That said, admitting my fault and asking forgiveness is a whole lot harder. I don’t like being wrong. Probably the only thing I dislike more than being wrong is admitting I was wrong to the person who was right, or even worse, the person that I hurt.
Humility is a funny thing. It can be incredibly hard to admit our shortcomings to the person or people who are the quickest to extend grace. When we apologize and admit we’re wrong we are being vulnerable and admitting a weakness, while at the same time, showing the strength of our character. Humility is a by-product of good character.
On the receiving end, when someone has wronged us and is seeking our forgiveness, it’s helpful to remember that it was probably very difficult for them to do this. An apology is much harder for some than it is for others. Sure, just because they said they’re sorry doesn’t mean the sting is gone but acknowledging their humility by accepting their apology, without condition, not only helps in the healing process but shows them that you’re willing to forgive their shortcomings. When they make a mistake in the future, they’ll be more likely to ask forgiveness instead of trying to save their pride.
The quickest way to ruin an apology and make someone less likely to seek forgiveness in the future is to belittle them with smart remarks or snide comments after they have apologized. Sure what they did was wrong. Yes it hurt you. But apologizing is their recognition that what they did or said was wrong. You don’t have to beat them into further submission with your words or snide remarks like, “good I hope you’re sorry” or “well you should be.” Comments like those tend to come across as unloving and arrogant. Like you care more about winning the argument than resolving the problem.
Their apology is their own admission that what they did was wrong. Making sure they know how bad they hurt you isn’t necessarily going to prevent further offenses. It will however, lesson their likelihood of them seeking forgiveness in the future. Why would someone apologize for something when they know they’re just going to get beaten down and reminded of their failure?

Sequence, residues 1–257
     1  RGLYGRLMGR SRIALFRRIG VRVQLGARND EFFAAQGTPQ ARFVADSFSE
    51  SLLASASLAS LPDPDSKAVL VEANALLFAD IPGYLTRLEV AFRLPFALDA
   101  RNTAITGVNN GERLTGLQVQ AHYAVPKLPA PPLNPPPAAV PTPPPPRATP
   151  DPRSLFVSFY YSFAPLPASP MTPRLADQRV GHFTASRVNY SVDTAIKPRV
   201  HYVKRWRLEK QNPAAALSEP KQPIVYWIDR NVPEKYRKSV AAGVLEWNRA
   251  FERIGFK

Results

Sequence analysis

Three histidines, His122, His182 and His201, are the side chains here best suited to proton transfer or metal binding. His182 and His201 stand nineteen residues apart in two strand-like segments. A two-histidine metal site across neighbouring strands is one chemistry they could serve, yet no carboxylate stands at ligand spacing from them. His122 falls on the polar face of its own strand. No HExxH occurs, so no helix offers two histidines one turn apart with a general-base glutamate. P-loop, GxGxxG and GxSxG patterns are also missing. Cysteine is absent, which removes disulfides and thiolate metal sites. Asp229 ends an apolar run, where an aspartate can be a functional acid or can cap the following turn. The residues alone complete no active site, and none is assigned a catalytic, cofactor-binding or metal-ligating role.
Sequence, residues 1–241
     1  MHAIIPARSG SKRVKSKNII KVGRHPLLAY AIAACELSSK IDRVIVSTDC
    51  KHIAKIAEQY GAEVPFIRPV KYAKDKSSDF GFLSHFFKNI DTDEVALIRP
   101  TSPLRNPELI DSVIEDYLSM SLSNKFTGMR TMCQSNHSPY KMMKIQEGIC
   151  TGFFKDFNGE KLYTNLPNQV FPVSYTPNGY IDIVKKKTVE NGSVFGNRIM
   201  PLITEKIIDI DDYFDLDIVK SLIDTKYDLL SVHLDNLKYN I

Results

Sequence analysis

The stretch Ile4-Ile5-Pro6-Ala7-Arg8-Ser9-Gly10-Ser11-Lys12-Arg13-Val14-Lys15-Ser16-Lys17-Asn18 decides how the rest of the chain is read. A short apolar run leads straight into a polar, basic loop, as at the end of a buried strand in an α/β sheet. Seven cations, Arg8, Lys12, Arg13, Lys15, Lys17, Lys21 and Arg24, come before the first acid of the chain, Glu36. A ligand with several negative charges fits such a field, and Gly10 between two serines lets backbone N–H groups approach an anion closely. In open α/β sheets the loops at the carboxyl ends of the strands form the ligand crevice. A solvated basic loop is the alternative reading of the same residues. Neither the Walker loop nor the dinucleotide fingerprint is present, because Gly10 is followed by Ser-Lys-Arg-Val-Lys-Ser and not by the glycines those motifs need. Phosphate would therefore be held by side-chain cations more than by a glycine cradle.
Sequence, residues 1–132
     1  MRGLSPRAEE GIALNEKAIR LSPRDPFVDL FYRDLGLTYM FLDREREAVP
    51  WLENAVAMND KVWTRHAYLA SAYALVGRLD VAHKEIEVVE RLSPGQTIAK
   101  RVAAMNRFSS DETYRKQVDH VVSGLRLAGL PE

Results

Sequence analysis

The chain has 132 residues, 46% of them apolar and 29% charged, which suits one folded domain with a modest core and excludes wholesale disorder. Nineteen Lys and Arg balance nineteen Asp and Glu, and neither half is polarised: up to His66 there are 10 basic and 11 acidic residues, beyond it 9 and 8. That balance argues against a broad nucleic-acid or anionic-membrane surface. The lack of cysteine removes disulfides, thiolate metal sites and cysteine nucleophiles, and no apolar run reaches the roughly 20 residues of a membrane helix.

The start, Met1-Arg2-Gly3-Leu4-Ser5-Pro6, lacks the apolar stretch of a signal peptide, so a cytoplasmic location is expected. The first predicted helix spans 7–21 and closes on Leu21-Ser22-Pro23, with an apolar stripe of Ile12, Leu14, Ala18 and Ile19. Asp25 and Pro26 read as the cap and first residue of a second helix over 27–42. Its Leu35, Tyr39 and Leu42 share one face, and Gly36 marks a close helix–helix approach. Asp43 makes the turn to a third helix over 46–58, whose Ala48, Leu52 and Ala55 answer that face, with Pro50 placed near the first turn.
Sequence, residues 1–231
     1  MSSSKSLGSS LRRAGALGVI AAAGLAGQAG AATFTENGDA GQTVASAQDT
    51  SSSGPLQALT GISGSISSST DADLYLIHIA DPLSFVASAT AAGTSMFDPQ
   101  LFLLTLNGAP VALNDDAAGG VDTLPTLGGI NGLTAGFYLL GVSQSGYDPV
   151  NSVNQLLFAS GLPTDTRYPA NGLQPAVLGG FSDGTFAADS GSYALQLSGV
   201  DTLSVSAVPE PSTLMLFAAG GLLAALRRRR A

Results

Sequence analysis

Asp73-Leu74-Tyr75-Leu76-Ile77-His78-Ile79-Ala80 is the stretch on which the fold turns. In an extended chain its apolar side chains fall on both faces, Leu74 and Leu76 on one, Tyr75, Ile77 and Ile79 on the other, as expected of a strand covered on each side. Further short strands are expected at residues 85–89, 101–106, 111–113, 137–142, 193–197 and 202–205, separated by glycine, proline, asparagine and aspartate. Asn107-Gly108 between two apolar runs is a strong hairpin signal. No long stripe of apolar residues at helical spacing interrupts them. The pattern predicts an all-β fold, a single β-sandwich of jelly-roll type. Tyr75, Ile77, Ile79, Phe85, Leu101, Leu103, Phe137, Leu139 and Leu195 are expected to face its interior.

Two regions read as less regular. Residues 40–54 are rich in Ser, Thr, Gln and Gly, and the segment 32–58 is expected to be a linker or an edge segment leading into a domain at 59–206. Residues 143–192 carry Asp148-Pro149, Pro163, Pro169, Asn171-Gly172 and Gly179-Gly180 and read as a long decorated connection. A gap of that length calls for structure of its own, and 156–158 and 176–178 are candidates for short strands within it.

If you’re on the receiving end of an apology, recognize that it took a lot of courage and humility on their part to admit they were wrong and ask your forgiveness. I don’t know a single person that LIKES being wrong. It’s not fun being wrong, especially if your words or actions left someone feeling hurt.
If you feel the need to further explain to them why they hurt you, do so in a constructive, loving way, keeping a tight reign on any non-verbal miscues you might be sending. Deep sighs, piercing eyes or a condescending tone will only remind the person all the more of your apparent frustration and make them feel worse than they do.
Seeking forgiveness is their attempt at restoration. Try to respond in a way that shows them you recognize their humility and the courage it took to apologize. Grace is the best advocate of restoration, and restoration is what we should seek for every relationship.